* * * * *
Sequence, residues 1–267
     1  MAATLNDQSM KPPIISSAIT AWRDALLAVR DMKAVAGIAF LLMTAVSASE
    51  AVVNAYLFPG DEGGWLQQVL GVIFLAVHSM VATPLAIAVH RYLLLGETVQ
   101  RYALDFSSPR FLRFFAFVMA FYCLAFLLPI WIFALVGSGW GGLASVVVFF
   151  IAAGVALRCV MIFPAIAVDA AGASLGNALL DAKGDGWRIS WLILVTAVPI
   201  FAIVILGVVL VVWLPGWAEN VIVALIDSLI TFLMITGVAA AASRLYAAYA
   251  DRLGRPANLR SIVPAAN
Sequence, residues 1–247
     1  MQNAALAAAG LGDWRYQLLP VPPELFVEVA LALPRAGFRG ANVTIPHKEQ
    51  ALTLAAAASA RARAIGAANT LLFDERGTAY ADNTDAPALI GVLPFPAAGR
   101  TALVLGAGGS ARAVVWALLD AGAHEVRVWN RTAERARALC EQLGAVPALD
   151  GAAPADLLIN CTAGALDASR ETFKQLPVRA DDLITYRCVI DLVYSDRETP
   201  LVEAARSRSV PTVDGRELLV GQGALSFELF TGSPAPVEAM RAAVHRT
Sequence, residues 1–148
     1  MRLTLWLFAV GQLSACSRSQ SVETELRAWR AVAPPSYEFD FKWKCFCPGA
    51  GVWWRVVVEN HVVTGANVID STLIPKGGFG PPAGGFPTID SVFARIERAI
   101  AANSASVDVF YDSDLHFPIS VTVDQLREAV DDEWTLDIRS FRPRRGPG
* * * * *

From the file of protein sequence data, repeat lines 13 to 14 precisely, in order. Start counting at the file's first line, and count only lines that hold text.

   201  LVEAARSRSV PTVDGRELLV GQGALSFELF TGSPAPVEAM RAAVHRT
Sequence, residues 1–148